Recently, Gad made quick trip back home to Sweden because she had been nomnated for the Grand Journalism Prize (Stora journalistpriset), the Swedish equivalent of a Pulitzer. She didn't win. During the gala, she updated her Facebook page, saying the glamour of the evening made her sick to the stomach, that her mind was with the war victims in Iraq, and that she just wanted to leave the luxurious venue in the capital of Sweden, Stockholm.
It's not the first time Gad's voice strong opinions, despite a media climate where many journalists don't dare to express any views that may be deemed to political, for fear their neutrality as reporters be questioned. Public service journalists were recently told, for example, not to criticise Donald Trump through their private social media accounts. Gad, however, won't be silenced. Among other topics, she's a vocal critic of Sweden not being able to stem the exodus of wannabe terrorists to Iraq and Syria.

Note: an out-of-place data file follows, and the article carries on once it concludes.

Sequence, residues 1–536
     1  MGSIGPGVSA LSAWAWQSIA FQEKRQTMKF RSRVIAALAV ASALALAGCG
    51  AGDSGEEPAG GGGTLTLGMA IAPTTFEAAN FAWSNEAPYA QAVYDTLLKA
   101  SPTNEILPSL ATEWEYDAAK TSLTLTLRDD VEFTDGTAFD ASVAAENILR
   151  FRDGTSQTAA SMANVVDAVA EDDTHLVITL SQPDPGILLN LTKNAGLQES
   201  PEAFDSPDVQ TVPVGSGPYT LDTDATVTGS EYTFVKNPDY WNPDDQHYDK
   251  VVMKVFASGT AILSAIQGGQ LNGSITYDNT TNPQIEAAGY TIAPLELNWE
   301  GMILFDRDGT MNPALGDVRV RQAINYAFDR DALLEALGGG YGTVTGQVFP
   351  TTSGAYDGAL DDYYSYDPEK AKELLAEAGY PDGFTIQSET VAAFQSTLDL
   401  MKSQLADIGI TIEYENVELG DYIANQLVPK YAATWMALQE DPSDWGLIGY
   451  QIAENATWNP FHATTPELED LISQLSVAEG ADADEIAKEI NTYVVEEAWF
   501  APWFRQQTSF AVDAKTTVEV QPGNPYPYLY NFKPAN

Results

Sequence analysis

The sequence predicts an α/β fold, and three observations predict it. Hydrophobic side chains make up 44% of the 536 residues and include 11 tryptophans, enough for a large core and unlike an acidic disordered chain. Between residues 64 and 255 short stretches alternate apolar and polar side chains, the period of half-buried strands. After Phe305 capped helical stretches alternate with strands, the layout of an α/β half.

Sweden is one of the biggest exporters of jihadis to the so called Islamic State. Terrorists with connections to Sweden were also among those who planned and carried out the terrorist attacks in Paris and Brussels, which cost hundreds of lives.
Gad's certainly picked a contentious topic to weigh in on, as Sweden grapples with what to do. Should terrorists be prosecuted when they return? Some in our country think rehabilitation's a beter long-term strategy, but critics, such as myself, say that's the same as rewarding criminals, for example by allowing them to skip the queue for public housing and be fast-tracked for jobs.